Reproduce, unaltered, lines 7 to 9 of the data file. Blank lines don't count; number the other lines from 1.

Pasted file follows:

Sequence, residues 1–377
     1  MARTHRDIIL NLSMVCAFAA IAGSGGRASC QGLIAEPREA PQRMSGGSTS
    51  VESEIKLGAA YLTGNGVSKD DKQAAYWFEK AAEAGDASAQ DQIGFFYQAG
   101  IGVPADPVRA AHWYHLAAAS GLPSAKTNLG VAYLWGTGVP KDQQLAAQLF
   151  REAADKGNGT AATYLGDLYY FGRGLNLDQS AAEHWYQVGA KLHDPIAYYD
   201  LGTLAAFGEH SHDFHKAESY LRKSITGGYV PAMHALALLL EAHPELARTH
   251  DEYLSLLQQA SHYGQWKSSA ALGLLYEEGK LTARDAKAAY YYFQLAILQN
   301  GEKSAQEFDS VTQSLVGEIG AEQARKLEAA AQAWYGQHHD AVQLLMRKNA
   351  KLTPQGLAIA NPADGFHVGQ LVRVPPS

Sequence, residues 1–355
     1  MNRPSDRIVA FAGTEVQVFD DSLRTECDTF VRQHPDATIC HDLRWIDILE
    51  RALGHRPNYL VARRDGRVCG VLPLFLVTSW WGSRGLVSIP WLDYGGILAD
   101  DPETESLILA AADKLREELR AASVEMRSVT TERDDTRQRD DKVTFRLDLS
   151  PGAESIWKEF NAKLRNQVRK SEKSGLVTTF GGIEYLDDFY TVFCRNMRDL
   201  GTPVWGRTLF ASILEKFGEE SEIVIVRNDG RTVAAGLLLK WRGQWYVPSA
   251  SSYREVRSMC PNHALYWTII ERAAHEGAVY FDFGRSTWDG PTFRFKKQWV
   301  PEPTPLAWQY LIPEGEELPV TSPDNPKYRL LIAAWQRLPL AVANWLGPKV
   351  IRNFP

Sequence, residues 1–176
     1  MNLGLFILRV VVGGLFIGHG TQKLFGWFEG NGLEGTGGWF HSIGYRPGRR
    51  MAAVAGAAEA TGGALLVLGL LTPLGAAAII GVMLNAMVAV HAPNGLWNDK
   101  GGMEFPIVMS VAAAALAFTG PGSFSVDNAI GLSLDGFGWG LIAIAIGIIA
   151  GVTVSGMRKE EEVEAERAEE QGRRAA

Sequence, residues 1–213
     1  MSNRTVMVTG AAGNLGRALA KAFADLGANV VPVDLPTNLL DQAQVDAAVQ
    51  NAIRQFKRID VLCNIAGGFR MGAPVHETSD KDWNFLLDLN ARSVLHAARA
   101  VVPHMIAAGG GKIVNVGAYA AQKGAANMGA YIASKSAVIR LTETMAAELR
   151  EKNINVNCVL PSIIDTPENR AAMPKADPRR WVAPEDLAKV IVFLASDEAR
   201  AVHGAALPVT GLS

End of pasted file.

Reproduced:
   251  DEYLSLLQQA SHYGQWKSSA ALGLLYEEGK LTARDAKAAY YYFQLAILQN
   301  GEKSAQEFDS VTQSLVGEIG AEQARKLEAA AQAWYGQHHD AVQLLMRKNA
   351  KLTPQGLAIA NPADGFHVGQ LVRVPPS